I'll Tell You A Secret: A Memory Of Seven Summers
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“Memory opens for me through my body. I slip back because I catch a smell, hear a sound, or hold an evocative flavour on my tongue. But these single-sense glimpses of or gusts from the past are often fleeting. More compelling for me, more total, is when my whole body, the entire surface of my skin, and my muscles’ movements connect me to my old self. Especially it is the movements of summer, when more of me meets the elements, while I am swimming, or feeling my bramble-scratched legs against hot rocks. Or when I am experiencing the lovely lassitude that fills me at the end of a long afternoon of sun and water as I stand slicing tomatoes for my supper, while corn boils, and sun falls in the window on a pile of raspberries in a bowl. All my senses, all, are alive.” – from I’ll Tell You a Secret
A delightful, beautifully written and thoroughly engaging story of coming-of-age in the 1950s that focuses on Anne Coleman between the ages of fourteen and twenty-one, and her relationship with “Mr. MacLennan” (Canadian literary figure Hugh MacLennan), which played out in the summers in the village of North Hatley, Quebec, a picturesque resort that has been known to attract artists and writers and the upper-classes. In prose that is intimate, visual, and resonant with immediacy, Anne Coleman brings us back to summers in the 1950s, revealing the eccentricities of North Hatley and its residents, but most of all focusing on her special friendship with a man many years her senior.
Independent, individualistic, sensually alert, as a young girl Anne Coleman did not fit the mould. Later, when Anne is eighteen, she leads a double life, one which follows the course of a romance with Frank, the dark, brooding European young man who has a strange hold over her, and the enigmatic Mr. MacLennan, whose own feelings for Anne suggest themselves to her in ways that are at once confusing, tantalizing, and deeply important.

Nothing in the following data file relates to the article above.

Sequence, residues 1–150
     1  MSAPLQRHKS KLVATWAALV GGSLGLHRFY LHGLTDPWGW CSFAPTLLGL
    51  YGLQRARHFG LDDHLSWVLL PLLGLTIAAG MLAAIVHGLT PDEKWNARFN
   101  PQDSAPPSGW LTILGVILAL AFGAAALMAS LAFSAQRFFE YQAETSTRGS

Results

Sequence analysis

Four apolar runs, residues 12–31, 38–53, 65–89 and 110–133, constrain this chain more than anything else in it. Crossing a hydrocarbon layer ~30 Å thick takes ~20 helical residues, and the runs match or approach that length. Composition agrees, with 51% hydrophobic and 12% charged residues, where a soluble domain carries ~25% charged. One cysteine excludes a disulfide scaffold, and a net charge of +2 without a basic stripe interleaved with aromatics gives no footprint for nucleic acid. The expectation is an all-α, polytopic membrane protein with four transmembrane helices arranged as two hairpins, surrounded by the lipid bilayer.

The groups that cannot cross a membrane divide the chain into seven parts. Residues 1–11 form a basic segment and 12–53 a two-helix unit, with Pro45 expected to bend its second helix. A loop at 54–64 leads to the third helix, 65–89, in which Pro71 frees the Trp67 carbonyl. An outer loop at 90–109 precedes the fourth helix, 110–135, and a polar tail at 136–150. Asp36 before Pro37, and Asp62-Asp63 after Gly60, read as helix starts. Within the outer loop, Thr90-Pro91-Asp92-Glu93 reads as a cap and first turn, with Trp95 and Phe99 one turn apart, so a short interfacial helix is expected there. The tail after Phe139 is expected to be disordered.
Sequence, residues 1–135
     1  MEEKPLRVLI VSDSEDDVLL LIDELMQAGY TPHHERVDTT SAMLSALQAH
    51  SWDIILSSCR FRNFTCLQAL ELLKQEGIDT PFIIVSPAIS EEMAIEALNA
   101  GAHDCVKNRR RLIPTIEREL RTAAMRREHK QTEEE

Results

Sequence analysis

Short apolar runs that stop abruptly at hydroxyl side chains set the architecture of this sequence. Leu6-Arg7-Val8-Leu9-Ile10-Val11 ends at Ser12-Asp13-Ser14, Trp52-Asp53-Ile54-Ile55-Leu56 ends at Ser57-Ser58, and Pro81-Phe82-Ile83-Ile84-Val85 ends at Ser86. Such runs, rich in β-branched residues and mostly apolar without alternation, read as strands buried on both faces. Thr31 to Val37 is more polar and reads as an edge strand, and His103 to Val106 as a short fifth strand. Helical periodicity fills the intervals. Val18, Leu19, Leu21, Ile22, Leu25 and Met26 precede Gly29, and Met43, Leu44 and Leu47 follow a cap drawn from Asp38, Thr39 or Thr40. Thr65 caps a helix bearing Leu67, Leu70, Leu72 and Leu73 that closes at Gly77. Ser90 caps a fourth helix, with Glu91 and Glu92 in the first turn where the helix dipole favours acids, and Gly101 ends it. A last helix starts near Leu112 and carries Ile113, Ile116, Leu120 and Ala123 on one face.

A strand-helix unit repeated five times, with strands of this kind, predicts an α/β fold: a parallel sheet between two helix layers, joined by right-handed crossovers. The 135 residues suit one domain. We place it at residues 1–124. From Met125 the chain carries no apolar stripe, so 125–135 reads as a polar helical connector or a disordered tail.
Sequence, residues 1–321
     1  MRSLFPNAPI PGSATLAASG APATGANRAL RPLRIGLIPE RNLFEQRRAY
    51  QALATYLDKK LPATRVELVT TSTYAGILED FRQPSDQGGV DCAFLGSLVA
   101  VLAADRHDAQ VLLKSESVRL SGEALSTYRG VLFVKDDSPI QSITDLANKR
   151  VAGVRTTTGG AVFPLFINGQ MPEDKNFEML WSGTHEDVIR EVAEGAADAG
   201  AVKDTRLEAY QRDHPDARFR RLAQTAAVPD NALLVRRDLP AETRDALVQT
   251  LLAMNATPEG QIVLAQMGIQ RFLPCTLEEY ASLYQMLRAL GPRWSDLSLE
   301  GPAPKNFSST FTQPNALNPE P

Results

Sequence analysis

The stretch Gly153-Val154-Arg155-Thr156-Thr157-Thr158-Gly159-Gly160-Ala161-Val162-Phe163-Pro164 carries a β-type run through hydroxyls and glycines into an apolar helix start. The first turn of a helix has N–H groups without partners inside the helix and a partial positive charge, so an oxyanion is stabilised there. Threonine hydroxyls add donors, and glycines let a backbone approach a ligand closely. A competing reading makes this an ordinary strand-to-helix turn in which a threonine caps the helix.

Along the way, the story also offers a wonderfully evocative portrayal of the 1950s, its sexual repressiveness and mores. The beautiful village of North Hatley comes alive in vivid ways.
This is a unique coming-of-age story by a writer who writes sentences that cut to the bone.
From the Hardcover edition.
sliding on frozen tarns, crossing becks. Patsy at least to some degree shared that world. Now I am living in a different one, mostly Russian. It’s made a gap between us. There’s another thing too. Her father. It happened a few times last summer but I’d hoped he’d have forgotten about it; I’d more or less forgotten about it myself. I have an excellent memory for most things, but there are some things I just let slip away. Or that’s not accurate: I sort of fuzz them out on purpose so I can’t
in order to slip into the bathroom and apply her makeup before her new young husband awoke. He must never, ever see her naked face. I ponder now how this fits into my picture. The woman was engaged in pathetic trickery and surely one day she would be caught out, the crinkled skin around her eyes glimpsed. And presumably that happened one lazy, unvigilant day, as by the next summer he had left her. But when she told of her ploy, while he was still with her, she was laughing. She saw it as clever –
and you will succeed at whatever you do, provided you pour your energy into it unreservedly. Matthew Arnold, as I’m sure you’ll remember, spoke of genius being energy. I don’t suppose it’s really as straightforward as that, nor do I know if you have what the world would call genius, but you have great energy, Anne. It staggers me often, my sense of that in you. And intelligence, you have that too.” He pauses and turns to look at me and his eyes are so full of a kind of almost angry concern for
expressions – is tender, I think, gentle. It is so sad. That is what the stillness is about; it is sadness. He came because I insisted. I realize now, driving southwards away from everything, how much he must have called upon his long-hoarded stoic strength to come to my wedding. I made him come and he came. That was how selfish I was. That stillness with which Mr. MacLennan watched me: I look back and I cannot be certain how consciously, or I guess I mean how analytically, I thought about
Hugh MacLennan. For years and years the fact of it still floated somewhere in a far corner of my mind, though it essentially had ended in 1957, the summer I turned twenty-one. He died thirty-three years later, in 1990, at the age of eighty-three. That is a long time for him to have been still in the world and for me never to resolve for myself what had really happened between us, and why whatever it was had stopped happening. And why the thought of him was painful to me. I knew he was important